Timothy McVeigh who destroyed the Murrah Federal Building in Oklahoma City and with it the lives of 168 people and their families was a white terrorist, as was his accomplice,Terry Nichols. At the time, that bombing was the worst act of terrorism in the United States and the Feds went after extremist groups such as Nichols's and McVeigh's with a vengeance. The indelible image of a dying child in the arms of a rescuer galvanized the public's opinion of those two men and their despicable act. For their part, McVeigh was executed and Nichols got life behind bars without a hint of regret or sorrow from the press or the general public.

Appalling as the loss of life in Oklahoma City was, it paled in comparison to the horrific events of September 11, 2001. Beyond that, the methods, organization, determination, self sacrifice, and resourcefulness of the al-Queda terrorists who carried out the 9/11 attacks, made McVeigh and Nichols in comparison look like a pair of ten year old delinquents. The loss of life during the September 11 attacks was comparable to the number of American deaths resulting from the Japanese attacks on December 7th, 1941. Like those attacks, the al-Queda attacks plunged the United States into multi-front wars, one of which continues to this day with no end in sight. It must be remembered that unlike the Japanese attacks which concentrated on strategic military targets, al-Queda targeted innocent civilians. And while the September 11 attacks were by far their most audacious and deadly, al-Queda carried out many other sucessful attacks all over the world for the past twenty years.

Draconian tactics were employed by this country and others in an attempt to stem the tide of international terrorism. Innocent people suffered. That was a shame. Unfortunately during times of war there are always innocent victims. Americans of Japanese descent know this all too well. Fortunately the atrocities committed by the US government against Japanese Americans after Pearl Harbor, were not repeated after 9/11.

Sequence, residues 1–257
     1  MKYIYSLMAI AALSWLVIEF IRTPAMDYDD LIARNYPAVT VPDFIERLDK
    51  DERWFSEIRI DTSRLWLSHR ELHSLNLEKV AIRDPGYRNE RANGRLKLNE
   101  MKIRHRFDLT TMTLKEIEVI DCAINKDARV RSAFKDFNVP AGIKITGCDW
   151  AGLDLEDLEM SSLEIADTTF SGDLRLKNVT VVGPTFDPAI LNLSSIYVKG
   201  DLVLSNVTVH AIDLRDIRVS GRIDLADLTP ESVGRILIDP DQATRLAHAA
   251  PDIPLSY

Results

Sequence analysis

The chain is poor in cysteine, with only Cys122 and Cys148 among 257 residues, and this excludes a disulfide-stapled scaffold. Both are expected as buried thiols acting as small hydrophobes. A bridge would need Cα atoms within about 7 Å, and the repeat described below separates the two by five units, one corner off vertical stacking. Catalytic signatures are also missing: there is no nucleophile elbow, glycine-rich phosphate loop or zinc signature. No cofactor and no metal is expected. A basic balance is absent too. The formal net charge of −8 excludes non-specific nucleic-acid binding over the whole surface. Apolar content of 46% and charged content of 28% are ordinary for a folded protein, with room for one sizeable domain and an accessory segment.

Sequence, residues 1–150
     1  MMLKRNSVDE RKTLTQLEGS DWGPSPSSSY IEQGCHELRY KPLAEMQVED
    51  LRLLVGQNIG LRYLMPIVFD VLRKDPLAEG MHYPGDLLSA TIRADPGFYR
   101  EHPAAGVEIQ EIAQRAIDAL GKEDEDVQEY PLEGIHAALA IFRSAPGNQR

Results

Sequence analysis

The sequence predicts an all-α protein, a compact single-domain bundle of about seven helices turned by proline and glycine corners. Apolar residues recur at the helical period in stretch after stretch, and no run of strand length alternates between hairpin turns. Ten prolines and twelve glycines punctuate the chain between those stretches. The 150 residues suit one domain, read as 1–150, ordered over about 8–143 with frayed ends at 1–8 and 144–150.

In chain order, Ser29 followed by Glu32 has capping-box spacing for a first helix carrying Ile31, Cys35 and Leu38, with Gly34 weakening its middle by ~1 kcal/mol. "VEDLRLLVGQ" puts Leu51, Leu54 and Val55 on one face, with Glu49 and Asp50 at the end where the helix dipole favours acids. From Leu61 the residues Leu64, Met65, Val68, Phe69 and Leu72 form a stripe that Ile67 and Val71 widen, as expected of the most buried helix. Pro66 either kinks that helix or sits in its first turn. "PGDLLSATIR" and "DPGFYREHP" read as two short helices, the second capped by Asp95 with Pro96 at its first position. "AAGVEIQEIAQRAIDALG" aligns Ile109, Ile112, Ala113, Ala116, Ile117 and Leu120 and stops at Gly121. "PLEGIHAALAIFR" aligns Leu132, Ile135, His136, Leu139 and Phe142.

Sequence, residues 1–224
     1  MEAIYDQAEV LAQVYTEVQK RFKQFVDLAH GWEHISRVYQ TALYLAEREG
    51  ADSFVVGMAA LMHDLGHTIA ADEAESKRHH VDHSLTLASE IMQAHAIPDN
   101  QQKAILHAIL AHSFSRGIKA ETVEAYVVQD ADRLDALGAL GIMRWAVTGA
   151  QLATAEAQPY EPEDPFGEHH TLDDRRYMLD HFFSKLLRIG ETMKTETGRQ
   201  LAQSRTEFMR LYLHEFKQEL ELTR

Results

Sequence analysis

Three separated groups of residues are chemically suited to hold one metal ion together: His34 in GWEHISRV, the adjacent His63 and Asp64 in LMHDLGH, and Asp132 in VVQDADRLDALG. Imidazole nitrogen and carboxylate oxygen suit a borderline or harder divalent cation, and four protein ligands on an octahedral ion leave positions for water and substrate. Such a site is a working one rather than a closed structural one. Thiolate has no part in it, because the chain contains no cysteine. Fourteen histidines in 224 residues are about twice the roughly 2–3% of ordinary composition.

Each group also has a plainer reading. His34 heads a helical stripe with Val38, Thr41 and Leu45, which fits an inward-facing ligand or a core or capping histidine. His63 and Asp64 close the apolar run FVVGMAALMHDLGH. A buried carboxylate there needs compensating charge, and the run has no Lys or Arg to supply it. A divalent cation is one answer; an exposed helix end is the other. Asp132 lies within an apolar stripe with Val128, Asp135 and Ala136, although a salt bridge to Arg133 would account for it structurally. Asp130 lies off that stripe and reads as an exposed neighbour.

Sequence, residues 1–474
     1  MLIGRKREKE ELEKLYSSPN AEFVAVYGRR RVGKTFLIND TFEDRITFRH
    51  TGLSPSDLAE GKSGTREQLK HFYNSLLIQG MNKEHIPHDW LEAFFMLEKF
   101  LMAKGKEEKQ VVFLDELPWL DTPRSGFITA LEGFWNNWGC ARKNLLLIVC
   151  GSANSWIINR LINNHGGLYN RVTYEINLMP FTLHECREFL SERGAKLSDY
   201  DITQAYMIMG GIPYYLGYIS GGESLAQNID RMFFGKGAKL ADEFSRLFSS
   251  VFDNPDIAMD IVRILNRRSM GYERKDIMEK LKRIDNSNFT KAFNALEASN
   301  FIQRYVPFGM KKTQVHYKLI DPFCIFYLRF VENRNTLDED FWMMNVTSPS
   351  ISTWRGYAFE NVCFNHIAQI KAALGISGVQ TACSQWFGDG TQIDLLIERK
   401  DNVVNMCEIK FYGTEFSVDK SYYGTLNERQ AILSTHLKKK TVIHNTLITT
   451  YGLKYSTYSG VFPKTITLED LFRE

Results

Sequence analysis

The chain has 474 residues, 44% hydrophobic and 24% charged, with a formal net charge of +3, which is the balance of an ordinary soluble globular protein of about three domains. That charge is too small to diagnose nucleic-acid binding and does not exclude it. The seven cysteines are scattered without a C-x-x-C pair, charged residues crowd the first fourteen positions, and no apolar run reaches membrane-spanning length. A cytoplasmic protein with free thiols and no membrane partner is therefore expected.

That's not to trivialize the suffering of Muslim people after 9/11 one bit. Civil liberties were suspended in some cases. There are still prisoners in Guantanamo Bay Detention Camp who have yet to receive due process. What's more, in this country and for that matter much of the world, a whole shroud of suspicion over Islam has arisen. Muslims, and others confused for Muslims, have been victims of hate crimes and unjust persecution. That is a tragedy.

After 9/11 many Muslims, men especially, were singled out or "profiled" as suspicious individuals, simply because of their appearance, especially when they were trying to board airliners. The response by civil libertarians in this country was swift and effective. I used to fly a lot more back then and I distinctly remember the folks I saw singled out for extra security screening were more often than not old, female, and often in wheelchairs. In other words precisely the opposite of what any known terrorist looked like. One could argue this case of reverse profiling was just as immoral and illegal as the profiling it was intended to counteract.

Here is Professor Singh from his New Yorker piece:
... it is hard to escape the conclusion that Oak Creek would have similarly dominated the news cycle (as the Colorado shooting did) if the shooter had been Muslim and the victims had been white churchgoers.